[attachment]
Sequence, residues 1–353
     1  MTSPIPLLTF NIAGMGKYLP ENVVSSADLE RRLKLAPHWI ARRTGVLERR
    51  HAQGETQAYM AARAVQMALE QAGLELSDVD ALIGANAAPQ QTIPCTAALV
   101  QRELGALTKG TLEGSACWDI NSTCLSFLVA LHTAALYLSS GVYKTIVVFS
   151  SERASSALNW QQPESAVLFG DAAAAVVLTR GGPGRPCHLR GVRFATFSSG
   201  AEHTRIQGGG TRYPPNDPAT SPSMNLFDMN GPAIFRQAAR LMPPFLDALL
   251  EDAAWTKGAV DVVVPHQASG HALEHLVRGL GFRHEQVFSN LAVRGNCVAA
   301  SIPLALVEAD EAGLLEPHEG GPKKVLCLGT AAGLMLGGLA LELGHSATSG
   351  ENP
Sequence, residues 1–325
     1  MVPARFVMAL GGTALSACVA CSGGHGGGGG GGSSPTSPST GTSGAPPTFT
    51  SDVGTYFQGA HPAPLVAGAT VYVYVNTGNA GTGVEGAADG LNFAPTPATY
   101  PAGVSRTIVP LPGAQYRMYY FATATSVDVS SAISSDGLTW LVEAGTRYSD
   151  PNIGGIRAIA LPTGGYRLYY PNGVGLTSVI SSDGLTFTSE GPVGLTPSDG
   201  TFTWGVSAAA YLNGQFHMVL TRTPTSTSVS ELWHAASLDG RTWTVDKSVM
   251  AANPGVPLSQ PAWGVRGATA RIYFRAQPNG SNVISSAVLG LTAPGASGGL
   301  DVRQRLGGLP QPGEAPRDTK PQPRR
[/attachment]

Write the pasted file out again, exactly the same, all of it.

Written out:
Sequence, residues 1–353
     1  MTSPIPLLTF NIAGMGKYLP ENVVSSADLE RRLKLAPHWI ARRTGVLERR
    51  HAQGETQAYM AARAVQMALE QAGLELSDVD ALIGANAAPQ QTIPCTAALV
   101  QRELGALTKG TLEGSACWDI NSTCLSFLVA LHTAALYLSS GVYKTIVVFS
   151  SERASSALNW QQPESAVLFG DAAAAVVLTR GGPGRPCHLR GVRFATFSSG
   201  AEHTRIQGGG TRYPPNDPAT SPSMNLFDMN GPAIFRQAAR LMPPFLDALL
   251  EDAAWTKGAV DVVVPHQASG HALEHLVRGL GFRHEQVFSN LAVRGNCVAA
   301  SIPLALVEAD EAGLLEPHEG GPKKVLCLGT AAGLMLGGLA LELGHSATSG
   351  ENP
Sequence, residues 1–325
     1  MVPARFVMAL GGTALSACVA CSGGHGGGGG GGSSPTSPST GTSGAPPTFT
    51  SDVGTYFQGA HPAPLVAGAT VYVYVNTGNA GTGVEGAADG LNFAPTPATY
   101  PAGVSRTIVP LPGAQYRMYY FATATSVDVS SAISSDGLTW LVEAGTRYSD
   151  PNIGGIRAIA LPTGGYRLYY PNGVGLTSVI SSDGLTFTSE GPVGLTPSDG
   201  TFTWGVSAAA YLNGQFHMVL TRTPTSTSVS ELWHAASLDG RTWTVDKSVM
   251  AANPGVPLSQ PAWGVRGATA RIYFRAQPNG SNVISSAVLG LTAPGASGGL
   301  DVRQRLGGLP QPGEAPRDTK PQPRR